"The Prisoner's Perspective" Cyber-Space Edition
An earlier draft of this critique was published in the Marxism-Leninism-Maoism Online column of MIM Notes 157.
In early February, a prisoner in a Michigan gulag wrote to MIM proposing that we publish his zine "The Prisoner's Perspective" on our World Wide Web site http://www.prisoncensorship.info/archive/etext.
For MIM to publish material is has to reflect MIM line. However, because of "The Prisoner's Perspective's" genuine anti-prison politics, RAIL is happy to publish it on its portion of the site, starting with the March issue.
MIM's main criticism is that the zine approaches prisoner issues from the incorrect perspective of individualism. "The Prisoner's Perspective" correctly lays out a clear organizing principle around which MIM and RAIL also organize -- to oppose further prison construction and to expose the fact that more prisons do not stop crime. In our organizing, we call attention to the profit motive for states to build more prisons -- and we welcome all that can be united into the proletarian-led camp on this issue.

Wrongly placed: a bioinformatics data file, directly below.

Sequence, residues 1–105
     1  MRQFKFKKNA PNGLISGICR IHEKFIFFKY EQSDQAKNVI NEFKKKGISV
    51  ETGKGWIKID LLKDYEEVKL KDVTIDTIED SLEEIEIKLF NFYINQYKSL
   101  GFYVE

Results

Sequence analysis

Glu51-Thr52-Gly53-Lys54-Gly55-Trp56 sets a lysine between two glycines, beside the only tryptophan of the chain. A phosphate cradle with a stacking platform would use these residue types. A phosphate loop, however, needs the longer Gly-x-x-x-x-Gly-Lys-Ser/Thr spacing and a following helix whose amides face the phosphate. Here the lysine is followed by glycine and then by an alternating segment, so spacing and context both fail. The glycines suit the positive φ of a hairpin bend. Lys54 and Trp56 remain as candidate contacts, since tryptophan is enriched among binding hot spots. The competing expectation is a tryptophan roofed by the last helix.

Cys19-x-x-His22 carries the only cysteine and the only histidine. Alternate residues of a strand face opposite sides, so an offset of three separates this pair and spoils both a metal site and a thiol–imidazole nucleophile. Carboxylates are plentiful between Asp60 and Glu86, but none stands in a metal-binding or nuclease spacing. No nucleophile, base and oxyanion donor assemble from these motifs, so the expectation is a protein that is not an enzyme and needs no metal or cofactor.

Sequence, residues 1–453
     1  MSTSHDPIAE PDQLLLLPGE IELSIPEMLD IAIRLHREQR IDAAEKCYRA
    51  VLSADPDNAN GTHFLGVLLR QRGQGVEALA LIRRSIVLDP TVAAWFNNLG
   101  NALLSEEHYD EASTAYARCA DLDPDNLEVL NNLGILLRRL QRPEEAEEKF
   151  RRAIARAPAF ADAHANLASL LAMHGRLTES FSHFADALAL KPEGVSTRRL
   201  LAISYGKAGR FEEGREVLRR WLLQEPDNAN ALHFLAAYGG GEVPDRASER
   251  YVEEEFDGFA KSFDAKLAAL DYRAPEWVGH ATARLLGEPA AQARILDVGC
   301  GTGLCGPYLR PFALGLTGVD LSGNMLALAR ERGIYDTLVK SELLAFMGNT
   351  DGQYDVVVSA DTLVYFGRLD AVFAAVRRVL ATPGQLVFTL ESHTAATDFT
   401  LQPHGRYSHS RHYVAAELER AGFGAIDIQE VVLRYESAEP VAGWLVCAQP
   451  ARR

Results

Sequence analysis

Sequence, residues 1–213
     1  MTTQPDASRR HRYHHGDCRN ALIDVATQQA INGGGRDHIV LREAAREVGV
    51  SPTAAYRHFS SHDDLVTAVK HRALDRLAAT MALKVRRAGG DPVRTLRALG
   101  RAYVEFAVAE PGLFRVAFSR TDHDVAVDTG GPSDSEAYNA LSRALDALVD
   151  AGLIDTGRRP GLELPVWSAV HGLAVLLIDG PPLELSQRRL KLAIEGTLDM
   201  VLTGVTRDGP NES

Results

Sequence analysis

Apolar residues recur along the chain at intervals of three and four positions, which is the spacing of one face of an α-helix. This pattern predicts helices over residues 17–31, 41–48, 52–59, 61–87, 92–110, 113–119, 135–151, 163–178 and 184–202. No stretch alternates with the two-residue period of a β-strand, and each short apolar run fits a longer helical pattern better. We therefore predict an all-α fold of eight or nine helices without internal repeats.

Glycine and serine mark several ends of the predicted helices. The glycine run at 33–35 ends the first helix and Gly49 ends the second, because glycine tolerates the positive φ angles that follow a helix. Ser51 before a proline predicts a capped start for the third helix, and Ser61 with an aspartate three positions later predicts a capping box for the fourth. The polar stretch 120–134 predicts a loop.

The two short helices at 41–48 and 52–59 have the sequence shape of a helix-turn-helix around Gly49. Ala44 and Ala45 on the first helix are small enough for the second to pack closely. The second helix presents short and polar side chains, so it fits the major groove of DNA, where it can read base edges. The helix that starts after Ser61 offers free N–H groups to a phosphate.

MIM believes, however, that the Prisoners Perspective errs in attempting to persuade people that their "hard-earned" tax money would be better spent elsewhere. Most Amerikans' response to talk of prisons expenditures and rising taxes to pay for prisons is to support more repressive measures that make running prisons less expensive. Eliminating Pell Grants for college education for prisoners was a popular move in 1994 because Amerikans hate the thought of paying for genuine betterment and rehabilitation for prisoners. In many states, prison libraries are under attack, so prisoners will not even be able to educate themselves behind the walls. MIM does not appeal to Amerikans' tax-paying self-interest because we believe that doing so will more likely inspire them to call for greater repression of prisoners than to oppose prisons generally.
Finally, we also criticize "The Prisoner's Perspective" for emphasizing personal self-improvement over organizing broadly for justice. But this question of end goals alone should not divide individuals or organizations from working with RAIL or MIM. In practice, "The Prisoner's Perspective" is already setting an excellent organizing example in putting out a publication and seeking support to reach more people and expand the discussion of prison conditions and injustice.
RAIL seeks to organize people like the PP editor who have a clear practice of anti-imperialism. MIM will continue to have criticisms of the individualist approach, but will happily work with all genuine anti-imperialists while we continue to assert our leadership for a proletarian line.
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